Oranges grow fat and juicy on the tree-lined plazas of Spain. So it is with the fruitily named telco that now operates the country's second-biggest network. In the first nine months of 2017, Orange Spain was the fastest-growing part of the Orange empire, nourished by its investments in higher-speed networks. When Orange recently said capex would peak this year, at about €7.4 billion ($9.1 billion), the increase was largely explained by an even bigger commitment to fiber rollout in Spain. (See Orange Capex to Peak at €7.4B in 2018.)
But if 4G and fiber fueled sales growth last year, Orange Spain appears to be in no great hurry on 5G, the next-generation mobile technology that has already triggered an avalanche of hype in North America and Asia. After standardization progress in late 2017, US telcos are now racing to launch 5G services first. Number-three player T-Mobile US Inc. has even talked about offering "nationwide" 5G by 2020. Orange Spain, it seems, will not be copying them. (See 5G Is Official: First 3GPP Specs Approved and AT&T Joins 5G Marketing War, Promising 'Mobile' Launch in 2018.)
"What is the business case and where is it needed?" said Laurent Paillassot, Orange Spain's CEO, in a recent conversation with Light Reading. "5G cannot be a way to offer more coverage, and we still have huge potential to grow the capacity on 4G."
This of course does not mean Paillassot and Orange have zero interest in 5G. Only this week, Orange is hosting a 5G event in Paris for reporters and analysts, where it is expected to say more about its 5G plans (further details to follow). It is eager to play a defining role in 5G standardization activities, partly to ensure the technology takes into account its own needs. But Orange's ideas about 5G look very different from those of T-Mobile US or South Korea's SK Telecom (Nasdaq: SKM).
Paillassot puts it succinctly. "We tend to see 5G as an opportunity in professional services and the B2B segment rather than as a capacity response in the residential market or for fixed," he says. Rather than blanketing Spanish neighborhoods with 5G networks for smartphone services, Paillassot envisages a more targeted rollout whereby 5G technology is used to support new industrial applications. Oft-cited examples include factory automation and remote-control healthcare, both of which could benefit from the reduction in latency -- the delay in sending signals over data networks -- that 5G will bring. (See Ericsson CTO Prioritizes Non-Consumer 5G.)
On the one hand, and to the disappointment of equipment vendors, this means any spending on 5G in the next few years is unlikely to be significant. At some point, Paillassot concedes, 5G networks will be needed to boost capacity and coverage for mobile users. But this will probably not happen until 2023 or 2024, he reckons. Perhaps the only thing that would speed up deployment is some kind of aggressive 5G marketing campaign by the likes of Telefónica, Orange Spain's number-one rival.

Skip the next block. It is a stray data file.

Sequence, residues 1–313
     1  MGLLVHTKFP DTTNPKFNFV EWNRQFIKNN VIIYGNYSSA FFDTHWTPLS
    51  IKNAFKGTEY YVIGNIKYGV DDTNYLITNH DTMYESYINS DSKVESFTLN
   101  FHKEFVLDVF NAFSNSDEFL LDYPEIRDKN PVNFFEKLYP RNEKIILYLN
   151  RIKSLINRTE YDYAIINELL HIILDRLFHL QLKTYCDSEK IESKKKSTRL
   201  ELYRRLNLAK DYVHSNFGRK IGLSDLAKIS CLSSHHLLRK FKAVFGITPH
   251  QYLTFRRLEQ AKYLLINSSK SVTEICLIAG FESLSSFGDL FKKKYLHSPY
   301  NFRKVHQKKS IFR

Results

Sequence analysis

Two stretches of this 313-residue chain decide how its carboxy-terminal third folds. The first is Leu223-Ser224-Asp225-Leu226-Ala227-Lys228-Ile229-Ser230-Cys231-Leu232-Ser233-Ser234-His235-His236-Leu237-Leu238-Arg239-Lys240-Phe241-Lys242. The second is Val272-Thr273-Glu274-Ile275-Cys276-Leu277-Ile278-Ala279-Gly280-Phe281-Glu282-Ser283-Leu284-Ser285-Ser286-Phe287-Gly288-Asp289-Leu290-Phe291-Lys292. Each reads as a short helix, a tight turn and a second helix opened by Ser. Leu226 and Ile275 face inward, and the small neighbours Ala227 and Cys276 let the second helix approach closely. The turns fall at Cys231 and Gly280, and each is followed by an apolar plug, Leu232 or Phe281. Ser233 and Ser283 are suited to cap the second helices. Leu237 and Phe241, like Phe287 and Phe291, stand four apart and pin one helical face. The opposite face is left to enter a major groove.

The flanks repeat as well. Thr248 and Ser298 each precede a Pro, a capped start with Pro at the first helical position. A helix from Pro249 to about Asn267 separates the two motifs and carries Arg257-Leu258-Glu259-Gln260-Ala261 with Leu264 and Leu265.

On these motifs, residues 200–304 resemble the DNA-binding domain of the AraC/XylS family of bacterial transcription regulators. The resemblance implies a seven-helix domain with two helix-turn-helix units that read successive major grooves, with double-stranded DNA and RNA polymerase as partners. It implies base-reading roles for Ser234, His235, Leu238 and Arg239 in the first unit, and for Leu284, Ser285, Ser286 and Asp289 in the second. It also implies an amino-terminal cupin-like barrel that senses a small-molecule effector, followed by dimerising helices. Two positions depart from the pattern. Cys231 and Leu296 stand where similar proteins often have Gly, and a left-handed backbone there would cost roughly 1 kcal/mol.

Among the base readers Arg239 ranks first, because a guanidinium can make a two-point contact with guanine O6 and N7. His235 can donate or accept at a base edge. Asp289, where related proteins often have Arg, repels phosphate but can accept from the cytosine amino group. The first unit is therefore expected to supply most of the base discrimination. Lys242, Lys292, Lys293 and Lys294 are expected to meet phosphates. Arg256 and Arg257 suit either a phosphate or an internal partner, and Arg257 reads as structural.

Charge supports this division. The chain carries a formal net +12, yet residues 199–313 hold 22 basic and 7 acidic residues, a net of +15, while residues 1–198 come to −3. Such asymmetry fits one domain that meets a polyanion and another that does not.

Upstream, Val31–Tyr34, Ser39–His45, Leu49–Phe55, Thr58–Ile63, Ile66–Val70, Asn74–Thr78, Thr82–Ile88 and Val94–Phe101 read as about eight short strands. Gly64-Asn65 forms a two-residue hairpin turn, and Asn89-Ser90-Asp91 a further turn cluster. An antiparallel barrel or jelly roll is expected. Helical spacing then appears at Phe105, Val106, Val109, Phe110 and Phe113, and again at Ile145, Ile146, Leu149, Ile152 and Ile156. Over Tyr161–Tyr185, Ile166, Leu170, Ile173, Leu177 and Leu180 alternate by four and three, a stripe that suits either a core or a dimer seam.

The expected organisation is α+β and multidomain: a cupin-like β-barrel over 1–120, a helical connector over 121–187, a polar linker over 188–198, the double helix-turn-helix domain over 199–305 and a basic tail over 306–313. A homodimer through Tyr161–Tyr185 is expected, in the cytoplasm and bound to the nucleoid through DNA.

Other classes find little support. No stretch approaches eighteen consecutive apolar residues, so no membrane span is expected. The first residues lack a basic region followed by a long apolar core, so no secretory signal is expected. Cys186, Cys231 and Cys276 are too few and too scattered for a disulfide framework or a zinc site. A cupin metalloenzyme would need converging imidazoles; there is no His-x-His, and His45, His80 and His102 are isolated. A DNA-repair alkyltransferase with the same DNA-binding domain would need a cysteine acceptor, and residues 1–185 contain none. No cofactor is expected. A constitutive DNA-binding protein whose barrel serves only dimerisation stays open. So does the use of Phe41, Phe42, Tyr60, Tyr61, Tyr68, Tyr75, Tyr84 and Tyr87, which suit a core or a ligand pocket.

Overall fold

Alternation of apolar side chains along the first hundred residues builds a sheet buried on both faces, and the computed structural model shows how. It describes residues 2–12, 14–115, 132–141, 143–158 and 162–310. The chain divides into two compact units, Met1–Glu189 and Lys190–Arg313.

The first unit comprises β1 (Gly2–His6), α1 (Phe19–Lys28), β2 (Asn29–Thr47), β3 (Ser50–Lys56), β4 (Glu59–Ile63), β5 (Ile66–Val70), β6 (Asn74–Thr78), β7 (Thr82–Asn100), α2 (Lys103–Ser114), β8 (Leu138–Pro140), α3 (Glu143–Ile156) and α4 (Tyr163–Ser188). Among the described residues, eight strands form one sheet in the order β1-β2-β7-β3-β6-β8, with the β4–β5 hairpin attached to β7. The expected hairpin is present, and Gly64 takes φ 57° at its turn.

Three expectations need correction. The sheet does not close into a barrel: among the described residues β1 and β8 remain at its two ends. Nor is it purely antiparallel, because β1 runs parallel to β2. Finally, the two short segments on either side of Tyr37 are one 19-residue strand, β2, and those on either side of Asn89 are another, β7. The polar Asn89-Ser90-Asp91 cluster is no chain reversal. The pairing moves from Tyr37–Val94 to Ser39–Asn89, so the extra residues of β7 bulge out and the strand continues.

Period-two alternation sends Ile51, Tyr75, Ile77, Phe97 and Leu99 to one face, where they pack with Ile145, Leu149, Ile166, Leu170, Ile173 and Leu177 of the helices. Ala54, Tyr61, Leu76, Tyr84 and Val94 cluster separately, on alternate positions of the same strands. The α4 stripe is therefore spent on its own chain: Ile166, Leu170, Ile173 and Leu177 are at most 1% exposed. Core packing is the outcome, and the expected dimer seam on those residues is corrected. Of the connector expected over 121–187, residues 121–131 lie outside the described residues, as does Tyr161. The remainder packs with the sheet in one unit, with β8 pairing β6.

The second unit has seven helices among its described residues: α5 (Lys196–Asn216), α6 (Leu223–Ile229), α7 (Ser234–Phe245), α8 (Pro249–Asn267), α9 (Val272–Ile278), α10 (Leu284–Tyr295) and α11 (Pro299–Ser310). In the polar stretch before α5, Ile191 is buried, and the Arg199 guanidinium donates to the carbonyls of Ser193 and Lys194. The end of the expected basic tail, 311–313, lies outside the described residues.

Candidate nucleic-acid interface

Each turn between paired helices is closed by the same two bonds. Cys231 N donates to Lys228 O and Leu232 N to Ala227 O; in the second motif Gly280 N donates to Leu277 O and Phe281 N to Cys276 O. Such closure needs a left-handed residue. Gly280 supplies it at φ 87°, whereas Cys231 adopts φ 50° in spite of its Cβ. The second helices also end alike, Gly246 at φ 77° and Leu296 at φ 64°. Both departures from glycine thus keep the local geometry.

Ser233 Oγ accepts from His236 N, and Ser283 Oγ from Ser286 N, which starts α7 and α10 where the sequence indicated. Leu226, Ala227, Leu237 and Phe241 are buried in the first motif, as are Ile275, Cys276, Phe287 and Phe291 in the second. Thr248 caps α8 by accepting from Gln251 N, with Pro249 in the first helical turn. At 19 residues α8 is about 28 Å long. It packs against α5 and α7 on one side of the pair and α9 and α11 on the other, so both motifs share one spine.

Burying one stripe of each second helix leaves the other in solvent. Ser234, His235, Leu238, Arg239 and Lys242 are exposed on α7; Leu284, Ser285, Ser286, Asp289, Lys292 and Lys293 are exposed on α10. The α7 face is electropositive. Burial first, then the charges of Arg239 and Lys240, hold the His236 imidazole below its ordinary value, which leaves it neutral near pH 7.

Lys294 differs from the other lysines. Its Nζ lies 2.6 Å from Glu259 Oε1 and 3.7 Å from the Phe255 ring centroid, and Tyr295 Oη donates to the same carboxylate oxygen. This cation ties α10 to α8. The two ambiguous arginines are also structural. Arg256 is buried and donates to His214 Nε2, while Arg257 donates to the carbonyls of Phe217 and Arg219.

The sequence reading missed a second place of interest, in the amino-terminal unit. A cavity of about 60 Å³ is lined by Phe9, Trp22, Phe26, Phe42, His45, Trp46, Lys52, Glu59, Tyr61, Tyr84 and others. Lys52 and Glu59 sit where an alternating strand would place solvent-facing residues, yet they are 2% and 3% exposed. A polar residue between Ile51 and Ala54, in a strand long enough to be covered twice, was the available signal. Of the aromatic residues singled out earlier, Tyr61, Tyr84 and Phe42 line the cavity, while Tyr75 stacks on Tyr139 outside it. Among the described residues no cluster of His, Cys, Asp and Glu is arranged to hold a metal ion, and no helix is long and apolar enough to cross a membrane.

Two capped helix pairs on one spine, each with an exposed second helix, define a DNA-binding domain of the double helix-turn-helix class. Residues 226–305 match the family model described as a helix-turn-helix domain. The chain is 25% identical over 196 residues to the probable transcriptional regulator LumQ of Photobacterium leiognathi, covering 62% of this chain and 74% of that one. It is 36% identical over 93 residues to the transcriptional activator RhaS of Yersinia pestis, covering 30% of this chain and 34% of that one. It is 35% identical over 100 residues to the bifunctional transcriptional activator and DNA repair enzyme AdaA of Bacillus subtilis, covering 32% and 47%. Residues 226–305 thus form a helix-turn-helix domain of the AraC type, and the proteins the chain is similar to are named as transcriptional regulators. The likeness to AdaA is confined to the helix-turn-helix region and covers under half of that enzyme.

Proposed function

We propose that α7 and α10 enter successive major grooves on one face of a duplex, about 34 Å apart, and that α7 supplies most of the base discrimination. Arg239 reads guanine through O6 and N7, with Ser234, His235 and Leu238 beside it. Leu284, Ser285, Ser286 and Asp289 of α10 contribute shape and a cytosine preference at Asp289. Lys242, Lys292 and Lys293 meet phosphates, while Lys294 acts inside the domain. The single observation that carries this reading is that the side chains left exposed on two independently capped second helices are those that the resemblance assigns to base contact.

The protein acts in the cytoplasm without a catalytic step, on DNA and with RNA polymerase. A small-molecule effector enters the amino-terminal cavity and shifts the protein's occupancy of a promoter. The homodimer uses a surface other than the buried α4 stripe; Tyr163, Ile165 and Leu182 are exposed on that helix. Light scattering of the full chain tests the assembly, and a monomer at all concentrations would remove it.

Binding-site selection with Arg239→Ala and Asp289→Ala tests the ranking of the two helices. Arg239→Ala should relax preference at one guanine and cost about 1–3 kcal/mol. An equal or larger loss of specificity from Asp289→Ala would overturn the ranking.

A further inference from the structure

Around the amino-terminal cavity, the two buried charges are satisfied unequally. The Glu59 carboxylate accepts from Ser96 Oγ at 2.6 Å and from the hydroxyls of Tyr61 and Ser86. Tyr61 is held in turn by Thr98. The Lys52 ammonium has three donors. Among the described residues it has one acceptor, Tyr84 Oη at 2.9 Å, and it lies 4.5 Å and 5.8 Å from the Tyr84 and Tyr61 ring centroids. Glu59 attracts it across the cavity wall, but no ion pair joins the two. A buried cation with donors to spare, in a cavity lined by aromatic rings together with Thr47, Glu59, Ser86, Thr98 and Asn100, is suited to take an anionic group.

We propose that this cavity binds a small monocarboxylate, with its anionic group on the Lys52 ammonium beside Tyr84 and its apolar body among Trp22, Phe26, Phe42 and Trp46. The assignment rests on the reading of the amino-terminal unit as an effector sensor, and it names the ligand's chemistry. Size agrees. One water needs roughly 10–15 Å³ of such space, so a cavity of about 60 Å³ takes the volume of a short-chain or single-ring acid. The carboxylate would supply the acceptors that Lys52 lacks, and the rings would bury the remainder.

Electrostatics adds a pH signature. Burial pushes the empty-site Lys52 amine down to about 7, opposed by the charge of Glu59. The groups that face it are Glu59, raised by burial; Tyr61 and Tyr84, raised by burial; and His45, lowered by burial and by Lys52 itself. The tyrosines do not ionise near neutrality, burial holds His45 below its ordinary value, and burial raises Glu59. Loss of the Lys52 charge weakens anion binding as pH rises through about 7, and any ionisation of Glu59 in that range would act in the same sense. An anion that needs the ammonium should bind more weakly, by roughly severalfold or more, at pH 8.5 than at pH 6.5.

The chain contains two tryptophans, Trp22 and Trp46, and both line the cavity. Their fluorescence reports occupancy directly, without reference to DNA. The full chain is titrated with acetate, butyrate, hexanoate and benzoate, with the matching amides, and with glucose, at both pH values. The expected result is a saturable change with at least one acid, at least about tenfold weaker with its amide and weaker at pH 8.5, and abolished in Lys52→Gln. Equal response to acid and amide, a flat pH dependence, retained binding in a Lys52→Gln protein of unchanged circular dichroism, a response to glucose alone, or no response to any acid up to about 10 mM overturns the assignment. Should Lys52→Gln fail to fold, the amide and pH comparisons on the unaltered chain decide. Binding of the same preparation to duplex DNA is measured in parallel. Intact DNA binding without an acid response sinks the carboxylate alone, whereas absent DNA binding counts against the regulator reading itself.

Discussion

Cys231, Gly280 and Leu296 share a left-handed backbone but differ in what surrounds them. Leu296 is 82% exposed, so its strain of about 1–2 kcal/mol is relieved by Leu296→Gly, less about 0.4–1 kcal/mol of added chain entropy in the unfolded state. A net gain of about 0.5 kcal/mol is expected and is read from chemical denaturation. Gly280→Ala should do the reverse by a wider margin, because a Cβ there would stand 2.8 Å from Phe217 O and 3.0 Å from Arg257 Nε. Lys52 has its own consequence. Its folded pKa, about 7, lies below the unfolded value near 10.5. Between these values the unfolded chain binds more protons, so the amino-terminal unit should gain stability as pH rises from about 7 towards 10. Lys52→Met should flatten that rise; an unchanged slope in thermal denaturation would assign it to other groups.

That said, the use of 5G outside traditional mobile and fixed wireless markets is a bold step into the unknown, and one that may necessitate much bigger changes in the design of telco networks than simply deploying a new radio technology. Virtualization will be critical if Orange is to experiment economically with new types of service and take advantage of network slicing, a technique that allows differentiated network services to be offered on the same physical infrastructure. "If you want to make the best of 5G, you have to implement it in a virtualized way," says Paillassot. (See The Growing Pains of 5G.)
This is also troubling for the equipment triopoly of Ericsson AB (Nasdaq: ERIC), Huawei Technologies Co. Ltd. and Nokia Corp. (NYSE: NOK), none of which has software and virtualization roots. As much as any European telco, Orange has signaled its interest in using alternative suppliers and is even nurturing a handful of network startups. "They are software-native and very recent and there is an opportunity to integrate this ecosystem that would allow virtualization," says Paillassot. "This is breaking the model of Ericsson and Huawei, which still want to have specialized boxes. We don't want to become prisoners of them and they need to reinvent." (See Startup Could Replace Ericsson, Says Orange.)
Complaints of this nature are by now a familiar refrain in the telecom sector. Operators will never abandon their traditional suppliers, say critics; they just want a better deal. But even if that is so, Orange's griping demands attention. For one thing, it now comes from the top level, and not just the mid-tier managers previously urging change. For another, Orange has griped so repeatedly that if it builds its 5G network in the usual way, with the usual suspects, it will look full of bluster and more imprisoned than ever. (See Don't Expect 5G Deals, Orange Tells Usual Suppliers
As suppliers of radio equipment and other hardware that can never be phased out, Ericsson, Huawei and Nokia occupy a comfortable position. Elsewhere in the network, the software revolution leaves them exposed. At best, it will imply settling for a looser relationship with operators and a new sales model. At worst, it could mean losing out to companies just a fraction of their size as Orange effects its own transformation.
"There is an ecosystem of companies offering services in a cloud way," says Paillassot. "Can we integrate them? Yes. But we need to have a platform. Unless we turn ourselves into an integration software platform, we will not benefit from this."
— Iain Morris, News Editor, Light Reading